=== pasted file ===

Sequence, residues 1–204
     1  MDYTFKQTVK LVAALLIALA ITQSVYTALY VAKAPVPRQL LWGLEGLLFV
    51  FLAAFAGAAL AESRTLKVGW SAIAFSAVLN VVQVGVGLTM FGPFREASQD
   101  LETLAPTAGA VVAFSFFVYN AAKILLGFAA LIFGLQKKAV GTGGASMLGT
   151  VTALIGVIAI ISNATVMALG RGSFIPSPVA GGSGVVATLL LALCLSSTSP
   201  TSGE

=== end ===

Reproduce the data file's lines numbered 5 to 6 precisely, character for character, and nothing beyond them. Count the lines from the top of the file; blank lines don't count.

   151  VTALIGVIAI ISNATVMALG RGSFIPSPVA GGSGVVATLL LALCLSSTSP
   201  TSGE